Banque de France CBDC used for fund settlement project
As part of an experimental programme led by the Banque de France, more than ten transactions on fund units, for a total amount of more than €2 million, were carried out in December 2020 on a blockchain-based mututal funds platform from IZNES using central bank digital currency (CBDC).
A Central Bank Digital Currency Will be Rolled Out in 2023: Economic Ninja
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The Economic Ninja joins the show to explain why he believes the Federal Reserve will be rolling out a central bank digital currency in 2023. Ninja also provides his views on the real estate market, a new government debt instrument he sees on the horizon, diesel shortages in America, and much more.
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00:50 20% Mortgages Are Coming
03:37 Real Estate in 3 to 5 Years
07:28 New 40 and 50 Year Bonds
10:52 Debt is Slavery
12:21 Can Real Estate Reach New Highs?
16:48 Central Bank Digital Currency in 2023
19:47 How is Ninja Investing?
23:29 Diesel Shortage in the U.S.
26:12 Food Shortages in North America
31:12 How to Prepare for What’s Coming
#cbdc #recession #inflation
Virtual Central Bank Payments Conference 2021 – Keynote Speaker: Nathalie Aufauvre, Banque de France
You will have the pleasure to watch Nathalie Aufauvre, Director General for Financial Stability and Operations at Banque de France, talking about the “Wholesale CBDC being tested” at the Virtual Central Bank Payment Conference 2021.
In 2020, Banque de France launched an experimentation programme to explore the potential benefits of wholesale CBDC. Nathalie Aufauvre will explain what conclusions could be drawn from this project.
The Central Bank Payments Conference is organized by Currency Research.
Currency Research is dedicated to all aspects of the currency function and central bank payments and has undertaken research and consulting projects to promote a deeper understanding of industry issues, to equip industry stakeholders with the most up-to-date information on trends, strategies, solutions, services, and technologies.
Discover more here: https://currencyresearch.com/
#paymentsolutions #centralbanks #cbdc #mobilepayments #digitalpayment #instantpayments #fintech #financialinclusion #innovation
Central Bank Digital Currencies: Policy Issues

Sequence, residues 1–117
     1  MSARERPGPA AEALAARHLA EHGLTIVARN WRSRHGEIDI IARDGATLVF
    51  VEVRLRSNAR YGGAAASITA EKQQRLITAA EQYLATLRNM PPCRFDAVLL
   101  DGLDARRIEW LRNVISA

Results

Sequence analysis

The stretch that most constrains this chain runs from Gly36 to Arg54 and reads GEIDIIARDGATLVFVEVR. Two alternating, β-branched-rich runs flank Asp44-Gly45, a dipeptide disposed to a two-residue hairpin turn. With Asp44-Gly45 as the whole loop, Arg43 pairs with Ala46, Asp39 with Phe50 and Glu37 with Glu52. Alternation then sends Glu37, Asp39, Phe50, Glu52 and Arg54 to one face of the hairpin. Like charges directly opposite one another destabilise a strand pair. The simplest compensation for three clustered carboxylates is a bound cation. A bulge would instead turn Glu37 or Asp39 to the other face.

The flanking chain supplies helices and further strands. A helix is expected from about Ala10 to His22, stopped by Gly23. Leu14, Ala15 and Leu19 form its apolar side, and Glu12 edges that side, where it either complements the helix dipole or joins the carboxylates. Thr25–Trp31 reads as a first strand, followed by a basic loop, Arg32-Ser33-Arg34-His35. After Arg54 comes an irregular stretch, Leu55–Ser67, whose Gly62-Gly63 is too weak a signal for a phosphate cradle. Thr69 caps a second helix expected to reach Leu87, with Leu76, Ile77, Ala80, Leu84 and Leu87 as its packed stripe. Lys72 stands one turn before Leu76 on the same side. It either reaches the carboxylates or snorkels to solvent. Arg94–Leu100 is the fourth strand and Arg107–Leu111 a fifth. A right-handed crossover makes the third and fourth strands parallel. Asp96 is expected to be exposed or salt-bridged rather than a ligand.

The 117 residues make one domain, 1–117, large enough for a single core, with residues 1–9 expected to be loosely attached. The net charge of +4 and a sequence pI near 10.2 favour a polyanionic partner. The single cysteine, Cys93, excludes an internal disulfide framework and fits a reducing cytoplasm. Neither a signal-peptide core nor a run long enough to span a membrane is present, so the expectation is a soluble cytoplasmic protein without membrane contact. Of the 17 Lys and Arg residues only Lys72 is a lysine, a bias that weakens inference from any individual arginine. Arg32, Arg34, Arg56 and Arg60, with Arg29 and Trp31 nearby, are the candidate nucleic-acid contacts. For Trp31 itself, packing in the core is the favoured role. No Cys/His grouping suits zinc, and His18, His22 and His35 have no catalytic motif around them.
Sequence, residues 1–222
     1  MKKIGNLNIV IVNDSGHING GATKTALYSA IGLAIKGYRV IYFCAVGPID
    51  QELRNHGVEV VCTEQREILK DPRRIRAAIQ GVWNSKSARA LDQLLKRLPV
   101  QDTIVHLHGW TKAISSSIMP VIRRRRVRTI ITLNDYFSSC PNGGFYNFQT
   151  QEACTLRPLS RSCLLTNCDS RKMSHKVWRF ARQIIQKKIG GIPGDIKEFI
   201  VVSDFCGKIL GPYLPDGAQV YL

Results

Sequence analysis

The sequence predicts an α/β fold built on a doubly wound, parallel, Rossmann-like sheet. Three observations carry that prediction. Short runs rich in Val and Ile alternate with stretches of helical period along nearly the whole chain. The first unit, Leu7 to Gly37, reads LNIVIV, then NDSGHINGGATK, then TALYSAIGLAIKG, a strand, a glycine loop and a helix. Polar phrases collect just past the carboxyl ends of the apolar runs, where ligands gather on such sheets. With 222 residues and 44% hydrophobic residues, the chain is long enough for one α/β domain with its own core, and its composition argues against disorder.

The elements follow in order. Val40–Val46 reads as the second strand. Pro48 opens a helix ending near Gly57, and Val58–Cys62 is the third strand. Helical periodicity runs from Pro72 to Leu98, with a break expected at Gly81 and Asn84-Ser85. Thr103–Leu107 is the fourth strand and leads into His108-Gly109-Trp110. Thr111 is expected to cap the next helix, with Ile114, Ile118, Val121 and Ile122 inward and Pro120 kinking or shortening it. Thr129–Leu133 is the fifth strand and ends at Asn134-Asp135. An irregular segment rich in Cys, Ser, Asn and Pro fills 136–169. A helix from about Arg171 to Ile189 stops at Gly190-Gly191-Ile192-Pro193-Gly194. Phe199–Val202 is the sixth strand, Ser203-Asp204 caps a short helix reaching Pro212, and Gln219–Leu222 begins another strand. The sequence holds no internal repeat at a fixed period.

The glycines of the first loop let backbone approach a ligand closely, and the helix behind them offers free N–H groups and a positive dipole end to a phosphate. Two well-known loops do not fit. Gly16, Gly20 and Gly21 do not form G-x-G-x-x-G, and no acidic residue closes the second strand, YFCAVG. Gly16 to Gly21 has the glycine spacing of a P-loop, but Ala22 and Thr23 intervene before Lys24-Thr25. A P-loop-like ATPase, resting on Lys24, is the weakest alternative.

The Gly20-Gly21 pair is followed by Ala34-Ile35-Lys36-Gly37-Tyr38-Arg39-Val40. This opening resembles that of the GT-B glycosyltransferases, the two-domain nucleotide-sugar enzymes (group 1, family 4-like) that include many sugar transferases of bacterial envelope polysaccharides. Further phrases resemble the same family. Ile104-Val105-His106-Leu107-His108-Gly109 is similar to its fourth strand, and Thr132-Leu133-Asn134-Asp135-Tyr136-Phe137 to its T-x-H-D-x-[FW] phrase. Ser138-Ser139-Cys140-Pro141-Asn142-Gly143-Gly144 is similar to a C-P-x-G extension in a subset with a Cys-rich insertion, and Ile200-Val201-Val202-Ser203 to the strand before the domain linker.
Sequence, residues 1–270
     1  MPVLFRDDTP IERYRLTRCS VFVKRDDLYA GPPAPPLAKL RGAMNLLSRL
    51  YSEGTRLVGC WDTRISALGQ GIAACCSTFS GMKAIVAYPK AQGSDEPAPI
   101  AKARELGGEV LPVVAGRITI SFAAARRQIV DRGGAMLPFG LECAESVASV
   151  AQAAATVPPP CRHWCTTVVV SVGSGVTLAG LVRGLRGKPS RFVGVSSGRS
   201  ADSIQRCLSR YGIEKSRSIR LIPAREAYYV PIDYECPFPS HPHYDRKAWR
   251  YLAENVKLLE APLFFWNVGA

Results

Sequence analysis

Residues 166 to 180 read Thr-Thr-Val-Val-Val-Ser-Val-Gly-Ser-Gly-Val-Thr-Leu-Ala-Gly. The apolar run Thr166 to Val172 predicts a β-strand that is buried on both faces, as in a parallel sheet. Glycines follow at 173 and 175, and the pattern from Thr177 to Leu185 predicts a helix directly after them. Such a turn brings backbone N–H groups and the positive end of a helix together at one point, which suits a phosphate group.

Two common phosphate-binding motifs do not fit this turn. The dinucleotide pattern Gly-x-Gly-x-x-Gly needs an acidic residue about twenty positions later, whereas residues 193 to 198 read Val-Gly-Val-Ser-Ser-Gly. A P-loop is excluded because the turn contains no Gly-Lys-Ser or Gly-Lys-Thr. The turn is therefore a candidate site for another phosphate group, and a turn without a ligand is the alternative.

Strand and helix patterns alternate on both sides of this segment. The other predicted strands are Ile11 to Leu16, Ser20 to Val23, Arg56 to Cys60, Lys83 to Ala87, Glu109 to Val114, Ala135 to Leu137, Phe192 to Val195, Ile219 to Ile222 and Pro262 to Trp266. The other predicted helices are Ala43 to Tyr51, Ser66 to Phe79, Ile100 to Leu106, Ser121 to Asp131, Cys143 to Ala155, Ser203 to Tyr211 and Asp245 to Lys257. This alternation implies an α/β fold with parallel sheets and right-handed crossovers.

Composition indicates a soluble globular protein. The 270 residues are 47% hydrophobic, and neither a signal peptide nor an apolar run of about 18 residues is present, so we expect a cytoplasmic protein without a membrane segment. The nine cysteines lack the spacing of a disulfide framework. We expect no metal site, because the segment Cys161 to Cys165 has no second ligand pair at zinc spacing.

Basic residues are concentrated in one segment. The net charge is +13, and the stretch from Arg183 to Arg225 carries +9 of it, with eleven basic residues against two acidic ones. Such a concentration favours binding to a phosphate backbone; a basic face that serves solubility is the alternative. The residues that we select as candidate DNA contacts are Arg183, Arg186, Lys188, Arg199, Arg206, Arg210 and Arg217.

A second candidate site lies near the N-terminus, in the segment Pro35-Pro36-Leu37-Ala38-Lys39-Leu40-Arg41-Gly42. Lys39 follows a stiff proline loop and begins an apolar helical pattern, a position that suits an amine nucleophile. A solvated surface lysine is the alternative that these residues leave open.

Central #Bank #Digital #Currencies: Policy Issues.
The recent proliferation of private digital currencies or cryptocurrencies, such as Bitcoin, has led to questions of whether the Federal Reserve (Fed) should create a central bank digital currency (#CBDC)—a digital dollar that would share some of the features of these private digital
In addition, several countries are moving forward with plans to create CBDCs, and this has increased calls for the Fed to act. According to a survey from the Bank for International Settlements, more than 85% of central banks worldwide are researching, piloting, or in advanced stages of development of CBDCs. For example, China has completed several digital currency trials in major cities across the country, as well as cross-border trials with Hong Kong; the European Central Bank hopes to launch a digital euro by 2025; the Eastern Caribbean is piloting its digital currency (DCash) in four countries; and the Bank of Japan has announced a “phase one” of testing a digital yen. The proliferation of CBDCs around the world has raised questions about whether the United States is falling behind in the future of the financial system, and whether that could affect its “reserve currency” status.
Digital payments and account access are already widespread in the United States. A key question from an end user (e.g., consumer or merchant) perspective is: would a CBDC be faster and less expensive than the current system? A CBDC would presumably allow for real-time settlement of payments—a feature that is not currently ubiquitous in the U.S. #payments system, but may become so after the Fed rolls out FedNow, its planned real-time settlement system. Creating a CBDC could take several years, whereas FedNow is expected to be operational in 2023. Whether payments using a CBDC would be less expensive than the status quo remains unknowable until detailed proposals have been made. (Cross-border payments have been identified as offering greater potential gains in cost and speed.)